We prefer a time and cost efficient approach to investigate infertility. In the majority of cases, we should have a fairly good idea about the causes of your infertility after the first diagnostic cycle. Depend on your history, the diagnostic cycle may consist of the following tests:
Initial Blood Tests
AMH– Check for ovarian reserve which is one of the most important fertility factors.
TSH– Thyroid hormones are important for good ovulation and healthy pregnancy.
Prolactin– A high prolactin level can impair ovulation, suspected in cases of milky breast discharge.
Vitamin D– A deficiency of vitamin D can lower fertility and increase your risk of miscarriage, especially if you have PCOS.
Hemoglobin A1c– A good marker for glucose control over the previous 3 months. Poor diabetic control can lead to poor ovulation and poor obstetrical outcomes.
Sickle Cell Screen– For patients with African heritage. A positive test warrants further evaluation and testing of the male partner.
Obstetrical Panel– Check for anemia, rubella immunity, and communicable diseases such as Hepatitis B and C, syphilis, HIV. Your OBGYN will need this panel to take care of you during pregnancy.
Genetic Screening– Check for genetic mutations that you might have inherited. If the test is a positive for any mutation, your male partner will need to be screened to see if he has the same mutation. If the partners share a genetic mutation, they will need genetic counseling to plan for a healthy child.
The pelvic sonogram is often performed early in the evaluation to allow examination of the internal pelvic structures such as the uterus and the ovaries. Sonograms performed during the first 3 days of the cycle can also allow assessment of the egg reserve by antral follicle count (AFC) .
The hysterosalpingogram (HSG) can provide a better assessment of the shape of the uterine cavity while also providing helpful information about the tubes. A radiographic dye is injected into the uterus through the cervix while X-ray imaging of the pelvis is conducted. As the dye fills the uterus it provides a detailed contour of the uterine surface and can reveal polyps, fibroids, adhesions and various forms of congenital uterine anomalies.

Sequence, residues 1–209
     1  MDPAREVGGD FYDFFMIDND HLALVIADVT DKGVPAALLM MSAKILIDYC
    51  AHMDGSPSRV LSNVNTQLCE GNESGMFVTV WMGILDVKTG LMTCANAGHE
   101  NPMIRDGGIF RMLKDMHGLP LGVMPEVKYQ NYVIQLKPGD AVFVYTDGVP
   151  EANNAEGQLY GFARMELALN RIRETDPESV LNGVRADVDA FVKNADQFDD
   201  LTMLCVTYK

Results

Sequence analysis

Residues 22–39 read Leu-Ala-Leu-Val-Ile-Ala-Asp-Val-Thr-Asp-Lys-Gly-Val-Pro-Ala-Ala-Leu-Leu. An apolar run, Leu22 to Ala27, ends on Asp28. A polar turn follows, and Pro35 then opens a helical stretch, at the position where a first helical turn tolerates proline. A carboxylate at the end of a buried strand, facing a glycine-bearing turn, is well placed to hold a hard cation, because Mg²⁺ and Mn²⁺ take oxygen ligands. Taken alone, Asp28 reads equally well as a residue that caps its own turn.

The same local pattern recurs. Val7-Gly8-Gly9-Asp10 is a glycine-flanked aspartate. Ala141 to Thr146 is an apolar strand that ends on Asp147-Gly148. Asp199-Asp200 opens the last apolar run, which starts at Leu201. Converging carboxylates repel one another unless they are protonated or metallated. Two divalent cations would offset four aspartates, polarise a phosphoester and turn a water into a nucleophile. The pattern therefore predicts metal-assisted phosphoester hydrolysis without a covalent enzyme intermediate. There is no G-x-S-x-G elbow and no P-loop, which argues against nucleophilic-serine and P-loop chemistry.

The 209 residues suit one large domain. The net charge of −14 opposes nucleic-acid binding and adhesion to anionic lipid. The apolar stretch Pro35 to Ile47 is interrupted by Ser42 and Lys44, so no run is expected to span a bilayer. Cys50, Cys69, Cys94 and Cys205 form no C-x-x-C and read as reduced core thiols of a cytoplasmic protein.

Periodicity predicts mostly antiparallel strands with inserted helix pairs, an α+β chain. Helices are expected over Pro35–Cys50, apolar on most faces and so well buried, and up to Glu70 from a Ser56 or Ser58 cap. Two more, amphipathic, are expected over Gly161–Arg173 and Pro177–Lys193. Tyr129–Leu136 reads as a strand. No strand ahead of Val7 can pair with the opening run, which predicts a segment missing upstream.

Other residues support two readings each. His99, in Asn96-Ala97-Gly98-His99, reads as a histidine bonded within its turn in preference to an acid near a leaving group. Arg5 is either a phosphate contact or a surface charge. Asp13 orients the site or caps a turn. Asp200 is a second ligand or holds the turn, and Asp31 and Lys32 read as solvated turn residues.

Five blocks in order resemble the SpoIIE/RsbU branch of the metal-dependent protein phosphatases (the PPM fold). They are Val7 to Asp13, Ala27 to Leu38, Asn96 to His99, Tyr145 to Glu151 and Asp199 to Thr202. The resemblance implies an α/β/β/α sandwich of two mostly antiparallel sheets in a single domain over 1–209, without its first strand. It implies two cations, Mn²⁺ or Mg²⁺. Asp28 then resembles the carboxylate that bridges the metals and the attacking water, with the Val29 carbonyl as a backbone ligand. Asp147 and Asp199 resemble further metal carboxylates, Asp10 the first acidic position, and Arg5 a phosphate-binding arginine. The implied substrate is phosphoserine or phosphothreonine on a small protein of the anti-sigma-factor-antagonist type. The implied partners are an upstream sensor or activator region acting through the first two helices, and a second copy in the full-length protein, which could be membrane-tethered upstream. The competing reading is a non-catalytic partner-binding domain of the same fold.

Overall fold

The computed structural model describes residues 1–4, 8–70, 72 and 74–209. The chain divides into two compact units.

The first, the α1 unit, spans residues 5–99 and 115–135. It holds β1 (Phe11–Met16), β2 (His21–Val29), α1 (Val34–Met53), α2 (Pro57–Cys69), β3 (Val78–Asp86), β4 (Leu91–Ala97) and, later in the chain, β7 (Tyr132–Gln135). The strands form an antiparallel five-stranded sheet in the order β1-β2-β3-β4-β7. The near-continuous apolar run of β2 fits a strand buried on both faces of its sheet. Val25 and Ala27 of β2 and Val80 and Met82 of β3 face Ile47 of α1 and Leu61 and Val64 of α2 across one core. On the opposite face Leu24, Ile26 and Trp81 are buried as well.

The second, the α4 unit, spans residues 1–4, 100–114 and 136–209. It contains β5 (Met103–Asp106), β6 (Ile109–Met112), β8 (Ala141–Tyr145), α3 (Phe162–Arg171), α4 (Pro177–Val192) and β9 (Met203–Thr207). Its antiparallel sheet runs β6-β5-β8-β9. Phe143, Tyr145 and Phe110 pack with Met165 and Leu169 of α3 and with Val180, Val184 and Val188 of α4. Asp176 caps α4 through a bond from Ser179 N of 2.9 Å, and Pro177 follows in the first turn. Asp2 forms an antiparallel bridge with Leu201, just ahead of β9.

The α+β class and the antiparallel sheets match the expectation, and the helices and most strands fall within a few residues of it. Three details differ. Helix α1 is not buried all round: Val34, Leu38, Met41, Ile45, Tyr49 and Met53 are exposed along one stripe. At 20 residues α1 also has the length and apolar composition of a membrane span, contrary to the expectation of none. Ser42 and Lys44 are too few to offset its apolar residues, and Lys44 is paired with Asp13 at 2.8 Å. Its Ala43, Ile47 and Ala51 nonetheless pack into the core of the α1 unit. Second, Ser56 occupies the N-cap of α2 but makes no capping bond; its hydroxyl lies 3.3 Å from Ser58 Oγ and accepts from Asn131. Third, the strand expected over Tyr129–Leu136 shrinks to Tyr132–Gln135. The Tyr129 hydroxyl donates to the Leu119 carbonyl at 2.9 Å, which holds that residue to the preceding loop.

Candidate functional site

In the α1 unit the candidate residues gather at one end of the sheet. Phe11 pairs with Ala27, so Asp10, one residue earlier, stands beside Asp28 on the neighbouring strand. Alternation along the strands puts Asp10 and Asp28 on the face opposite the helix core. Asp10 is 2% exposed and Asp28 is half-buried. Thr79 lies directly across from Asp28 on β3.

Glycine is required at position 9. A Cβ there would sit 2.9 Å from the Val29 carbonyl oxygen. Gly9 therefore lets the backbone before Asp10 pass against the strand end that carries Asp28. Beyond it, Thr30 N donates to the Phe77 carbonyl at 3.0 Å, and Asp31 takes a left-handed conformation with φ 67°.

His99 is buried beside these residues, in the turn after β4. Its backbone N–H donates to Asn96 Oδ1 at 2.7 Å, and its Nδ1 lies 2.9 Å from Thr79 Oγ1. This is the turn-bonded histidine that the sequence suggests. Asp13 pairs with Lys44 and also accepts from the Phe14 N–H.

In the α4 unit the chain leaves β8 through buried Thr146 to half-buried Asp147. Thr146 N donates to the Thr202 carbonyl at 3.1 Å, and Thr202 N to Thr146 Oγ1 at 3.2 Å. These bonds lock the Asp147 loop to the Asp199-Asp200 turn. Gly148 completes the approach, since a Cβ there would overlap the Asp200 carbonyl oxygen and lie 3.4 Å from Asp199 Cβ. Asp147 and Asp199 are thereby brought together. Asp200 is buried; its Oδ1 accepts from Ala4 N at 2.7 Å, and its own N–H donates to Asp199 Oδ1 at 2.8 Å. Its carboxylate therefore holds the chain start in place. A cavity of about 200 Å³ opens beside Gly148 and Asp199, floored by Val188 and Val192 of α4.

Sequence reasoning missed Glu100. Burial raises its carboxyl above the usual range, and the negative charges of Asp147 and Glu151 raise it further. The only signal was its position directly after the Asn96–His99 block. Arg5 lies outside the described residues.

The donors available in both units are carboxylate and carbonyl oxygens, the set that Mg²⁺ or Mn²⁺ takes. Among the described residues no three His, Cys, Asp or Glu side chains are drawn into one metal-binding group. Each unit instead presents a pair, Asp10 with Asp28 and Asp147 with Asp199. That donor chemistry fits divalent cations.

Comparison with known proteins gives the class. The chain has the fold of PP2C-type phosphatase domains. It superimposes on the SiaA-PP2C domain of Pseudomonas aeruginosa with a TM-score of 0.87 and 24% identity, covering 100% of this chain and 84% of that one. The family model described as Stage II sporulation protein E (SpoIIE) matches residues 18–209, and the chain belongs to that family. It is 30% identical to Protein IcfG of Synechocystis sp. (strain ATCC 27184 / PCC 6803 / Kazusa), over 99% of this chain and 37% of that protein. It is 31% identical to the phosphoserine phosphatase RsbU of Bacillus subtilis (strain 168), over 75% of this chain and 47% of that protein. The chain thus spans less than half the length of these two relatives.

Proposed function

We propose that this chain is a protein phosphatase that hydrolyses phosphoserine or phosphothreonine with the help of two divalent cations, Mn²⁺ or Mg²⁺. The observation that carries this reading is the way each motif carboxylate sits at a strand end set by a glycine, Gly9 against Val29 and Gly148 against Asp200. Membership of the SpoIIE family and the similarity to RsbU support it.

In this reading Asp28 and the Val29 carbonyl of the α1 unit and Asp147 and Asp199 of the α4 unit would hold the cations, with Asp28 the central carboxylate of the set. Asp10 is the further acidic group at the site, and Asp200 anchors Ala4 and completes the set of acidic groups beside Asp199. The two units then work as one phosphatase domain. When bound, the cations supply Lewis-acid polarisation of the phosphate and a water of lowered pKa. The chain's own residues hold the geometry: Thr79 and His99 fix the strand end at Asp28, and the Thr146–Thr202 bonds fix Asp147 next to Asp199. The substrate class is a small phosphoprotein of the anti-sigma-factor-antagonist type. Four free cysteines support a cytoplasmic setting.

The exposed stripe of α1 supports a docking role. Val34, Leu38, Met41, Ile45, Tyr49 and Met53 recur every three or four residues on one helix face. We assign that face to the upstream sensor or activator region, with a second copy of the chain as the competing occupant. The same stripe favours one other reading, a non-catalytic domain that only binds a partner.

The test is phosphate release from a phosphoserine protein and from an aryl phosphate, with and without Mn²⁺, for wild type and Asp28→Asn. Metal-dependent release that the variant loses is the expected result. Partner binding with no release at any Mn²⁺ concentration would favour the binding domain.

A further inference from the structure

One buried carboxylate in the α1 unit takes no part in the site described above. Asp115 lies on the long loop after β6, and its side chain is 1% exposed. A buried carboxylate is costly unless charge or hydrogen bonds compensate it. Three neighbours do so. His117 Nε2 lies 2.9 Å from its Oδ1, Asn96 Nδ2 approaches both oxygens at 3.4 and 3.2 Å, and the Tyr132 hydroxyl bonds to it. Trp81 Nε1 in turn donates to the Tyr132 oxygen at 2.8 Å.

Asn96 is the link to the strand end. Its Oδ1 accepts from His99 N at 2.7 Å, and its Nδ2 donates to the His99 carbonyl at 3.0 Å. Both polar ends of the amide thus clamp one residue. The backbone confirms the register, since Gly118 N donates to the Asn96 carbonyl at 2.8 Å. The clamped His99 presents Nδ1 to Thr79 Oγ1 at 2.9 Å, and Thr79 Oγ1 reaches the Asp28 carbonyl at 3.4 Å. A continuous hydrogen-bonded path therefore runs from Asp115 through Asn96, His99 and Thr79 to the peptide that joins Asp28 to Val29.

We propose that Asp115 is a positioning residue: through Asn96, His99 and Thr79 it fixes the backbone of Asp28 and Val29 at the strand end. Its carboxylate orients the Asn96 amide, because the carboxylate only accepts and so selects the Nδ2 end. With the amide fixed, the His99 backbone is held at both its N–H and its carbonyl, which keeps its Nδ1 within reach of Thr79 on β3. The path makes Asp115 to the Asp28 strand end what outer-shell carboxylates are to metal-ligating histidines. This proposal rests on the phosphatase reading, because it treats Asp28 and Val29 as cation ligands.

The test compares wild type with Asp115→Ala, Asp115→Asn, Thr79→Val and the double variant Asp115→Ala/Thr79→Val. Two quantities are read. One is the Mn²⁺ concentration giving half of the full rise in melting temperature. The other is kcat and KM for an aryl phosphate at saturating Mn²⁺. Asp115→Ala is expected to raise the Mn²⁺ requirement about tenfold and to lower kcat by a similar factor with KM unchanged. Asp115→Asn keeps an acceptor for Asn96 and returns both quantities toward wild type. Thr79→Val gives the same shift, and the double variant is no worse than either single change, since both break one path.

The dye subsequently travels through the tubes and eventually spills into the pelvic cavity. In cases of tubal occlusion, the HSG can also indicate the extent of the tubal abnormality. A severely damaged tube, for example, can appear dilated as a hydrosalpinx. The HSG can occasionally cause intense uterine cramping that closes the tubes and gives a false impression of tubal occlusion.
Because it outlines only the internal surfaces of the uterus and tubes, the HSG cannot reliably detect abnormalities that reside within the pelvis such as endometriosis and adhesions. The HSG is usually performed after the cessation of menses (on day 7-10). An antibiotic (Doxycycline) is taken 1-2 days prior the HSG to prevent infection.
The sonohysterogram (sonoHSG) is a inexpensive and comfortable test to follow up on the HSG finding of a lesion within the uterine cavity. A saline solution is infused into the uterus through a thin catheter while a sonogram is performed to look for any irregularity in the uterine contour. While the sonoHSG is good for detecting polyps or submucous fibroid tumors, it is not very reliable for detecting uterine septum or abnormal configurations of the uterine chamber or checking the patency of the tubes.
Hysteroscopy is a procedure in which a small camera attached to a thin scope is introduced into the cervix to directly inspect the uterine cavity. The examination can be performed easily in the office to confirm suspicious HSG findings before surgery and usually takes only 10 minutes. Any abnormality seen inside the uterus can be removed through a similar approach but under general anesthesia in the hospital setting.
Laparoscopy is reserved as the final diagnostic test in the infertility investigation and is performed in the hospital. Under general anesthesia, a fiber optic scope is inserted into the abdominal cavity via small incisions to allow examination of the pelvic and abdominal organs. Laparoscopy can help to diagnose endometriosis and pelvic adhesions, conditions not detectable by the HSG. Abnormalities found can often be corrected in the same setting.